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Summary: What the Lord's Supper is about.

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Introduction

We could have titled last week’s sermon, “Christians Behaving Badly.” It was bad enough that the Corinth “saints” were treating one another badly, but, as if to add insult to injury, they were doing so at the Lord’s Table. At the very meal which signified unity in Christ, they were displaying the very real divisions among them.

Paul, to wake them up to their offense reminds them of what the Lord’s Supper is about.

Text

For I received from the Lord what I also delivered to you…

As Paul delivers again the words which institute the Lord’s Supper, he notes that what he is passing on carries the direct authority of the Lord Jesus Christ. I think he means that he received the instruction in one of his visions by which the Lord communicated with him. However he received the instruction, it comes from the Lord and is to be received by the church as the Lord’s very words.

…that the Lord Jesus on the night when he was betrayed…

This phrase serves a couple of purposes. One is to keep before us that historicity of the sacrament and of our religion. Our faith is based on historical events. The Lord’s Supper originated from the Passover meal that Jesus celebrated with his disciples. Secondly, he reminds us of the context for the first supper. Jesus spoke these words and administered these elements on the eve of his crucifixion, his sacrifice for his disciples and all disciples to come. He spoke these words of love in the midst of betrayal, conspiracy, and desertion. See how history enriches faith. The Supper comes to us out of troubled times, and so it is all the more fitting to observe it in the midst of our troubles.

… took bread, 24 and when he had given thanks, he broke it, and said, “This is my body which is for you. Do this in remembrance of me.”

The first element given is bread to represent Christ’s body which he offered as a sacrifice for his people. Some ministers have focused on the word “broke” when administering the sacrament. The King James and the New King James Bible have the word “broken” in the quote: “This is my body which is broken for you.” Thus we are to think of Christ’s body broken when we see the loaf of bread broken in two.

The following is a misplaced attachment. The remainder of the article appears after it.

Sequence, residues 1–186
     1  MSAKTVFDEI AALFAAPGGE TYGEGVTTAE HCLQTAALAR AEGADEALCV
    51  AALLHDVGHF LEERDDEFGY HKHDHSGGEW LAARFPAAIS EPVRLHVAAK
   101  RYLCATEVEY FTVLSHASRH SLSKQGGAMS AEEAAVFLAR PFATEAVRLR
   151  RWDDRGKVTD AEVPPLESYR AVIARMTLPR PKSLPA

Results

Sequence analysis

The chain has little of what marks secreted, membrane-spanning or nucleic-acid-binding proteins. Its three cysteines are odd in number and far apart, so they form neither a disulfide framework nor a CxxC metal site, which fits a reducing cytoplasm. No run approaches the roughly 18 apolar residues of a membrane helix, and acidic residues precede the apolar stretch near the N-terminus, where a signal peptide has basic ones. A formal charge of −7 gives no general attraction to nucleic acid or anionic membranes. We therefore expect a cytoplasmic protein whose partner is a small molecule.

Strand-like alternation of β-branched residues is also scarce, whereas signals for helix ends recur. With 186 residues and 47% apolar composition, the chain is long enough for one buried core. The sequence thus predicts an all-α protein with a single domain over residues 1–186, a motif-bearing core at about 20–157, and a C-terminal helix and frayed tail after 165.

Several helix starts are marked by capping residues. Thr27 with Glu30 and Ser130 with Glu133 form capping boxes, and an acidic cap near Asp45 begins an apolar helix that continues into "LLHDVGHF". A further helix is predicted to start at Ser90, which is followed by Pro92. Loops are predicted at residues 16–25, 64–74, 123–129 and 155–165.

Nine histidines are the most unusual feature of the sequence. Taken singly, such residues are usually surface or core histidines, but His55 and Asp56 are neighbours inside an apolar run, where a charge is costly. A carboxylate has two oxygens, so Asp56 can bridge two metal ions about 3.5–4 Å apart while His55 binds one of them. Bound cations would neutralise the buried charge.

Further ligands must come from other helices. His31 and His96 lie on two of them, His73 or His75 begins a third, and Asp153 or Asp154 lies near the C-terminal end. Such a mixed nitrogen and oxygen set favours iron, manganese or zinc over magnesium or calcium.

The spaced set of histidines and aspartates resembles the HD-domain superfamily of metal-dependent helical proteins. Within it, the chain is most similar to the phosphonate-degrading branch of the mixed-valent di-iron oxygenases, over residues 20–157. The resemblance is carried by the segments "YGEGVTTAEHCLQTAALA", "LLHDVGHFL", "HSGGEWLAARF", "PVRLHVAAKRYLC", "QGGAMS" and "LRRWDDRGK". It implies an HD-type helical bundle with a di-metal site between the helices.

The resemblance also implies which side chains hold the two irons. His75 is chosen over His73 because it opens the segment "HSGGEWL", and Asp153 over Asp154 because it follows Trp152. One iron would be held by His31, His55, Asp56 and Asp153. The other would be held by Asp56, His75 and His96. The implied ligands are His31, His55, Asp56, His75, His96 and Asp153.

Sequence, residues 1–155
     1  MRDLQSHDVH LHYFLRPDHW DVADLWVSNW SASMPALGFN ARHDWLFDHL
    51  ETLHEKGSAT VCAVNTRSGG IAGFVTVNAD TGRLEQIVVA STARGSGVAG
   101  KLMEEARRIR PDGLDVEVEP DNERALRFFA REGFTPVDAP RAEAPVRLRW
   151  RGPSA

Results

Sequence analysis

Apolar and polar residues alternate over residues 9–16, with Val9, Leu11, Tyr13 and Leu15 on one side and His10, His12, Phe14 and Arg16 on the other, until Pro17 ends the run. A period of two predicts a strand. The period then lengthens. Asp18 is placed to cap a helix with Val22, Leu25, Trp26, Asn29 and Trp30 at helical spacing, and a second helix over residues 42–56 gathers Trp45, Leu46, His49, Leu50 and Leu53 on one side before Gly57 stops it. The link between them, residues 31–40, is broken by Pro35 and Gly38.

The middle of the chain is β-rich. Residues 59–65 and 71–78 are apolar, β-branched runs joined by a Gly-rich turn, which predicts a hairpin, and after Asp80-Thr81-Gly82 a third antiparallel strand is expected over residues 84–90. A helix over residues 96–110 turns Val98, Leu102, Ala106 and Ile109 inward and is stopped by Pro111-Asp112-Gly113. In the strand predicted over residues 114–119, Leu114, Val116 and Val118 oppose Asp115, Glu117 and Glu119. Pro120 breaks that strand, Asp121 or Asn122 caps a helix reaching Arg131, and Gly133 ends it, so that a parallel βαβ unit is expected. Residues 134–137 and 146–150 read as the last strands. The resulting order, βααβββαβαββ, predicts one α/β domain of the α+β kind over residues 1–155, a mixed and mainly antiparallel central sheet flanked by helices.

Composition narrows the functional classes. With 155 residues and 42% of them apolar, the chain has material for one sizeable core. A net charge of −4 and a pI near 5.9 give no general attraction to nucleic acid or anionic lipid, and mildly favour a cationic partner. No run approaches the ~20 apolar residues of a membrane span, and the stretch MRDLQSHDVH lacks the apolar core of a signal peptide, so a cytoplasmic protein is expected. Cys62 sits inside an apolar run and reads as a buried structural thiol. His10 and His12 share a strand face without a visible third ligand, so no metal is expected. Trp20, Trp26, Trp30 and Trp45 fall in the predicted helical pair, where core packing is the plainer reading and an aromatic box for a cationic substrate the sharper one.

The Scriptures, however, teach that Christ’s body was not broken. In the gospel of John, we read:

So the soldiers came and broke the legs of the first, and of the other who had been crucified with him. 33 But when they came to Jesus and saw that he was already dead, they did not break his legs. 34 But one of the soldiers pierced his side with a spear, and at once there came out blood and water. 35 He who saw it has borne witness—his testimony is true, and he knows that he is telling the truth—that you also may believe. 36 For these things took place that the Scripture might be fulfilled: “Not one of his bones will be broken.” 37 And again another Scripture says, “They will look on him whom they have pierced” (John 19:32-37).

Why, then, does the KJB have “broken”? The translators at that time relied on manuscripts that included the word. Since that time, other manuscripts have been discovered that are older and more reliable, so that no translation done since the turn of the last century includes the word other than the NKJB which tries to remain faithful to the KJ.

Having said this, breaking the bread is significant, for it indicates that Jesus had his disciples eat from the one loaf of bread. Remember Paul’s words in 10:17: Because there is one bread, we who are many are one body, for we all partake of the one bread. The focus, then, is not the brokenness of Jesus’ body, but that his body is given for us all: “This is my body which is for you.”

All the presentations of the Lord’s Supper include the reference to Jesus giving thanks or saying the blessing. It seems important to note that he did so and thus important that we do so as well. Despite the evil context surrounding the supper, what was being celebrated was the victory of righteousness. At all times we are to give thanks to God for what he provides – the food on the table and especially the salvation of our Lord. Just as the Last Supper was a not of bemoaning the hour to come, so the Lord’s Supper is not to be a time of focusing on our own troubles. It is a time for giving thanks to God.

We will come back to the statement, “Do this in remembrance of me.” Let us move on to the next element. 25 In the same way also he took the cup, after supper, saying, “This cup is the new covenant in my blood. Do this, as often as you drink it, in remembrance of me.”

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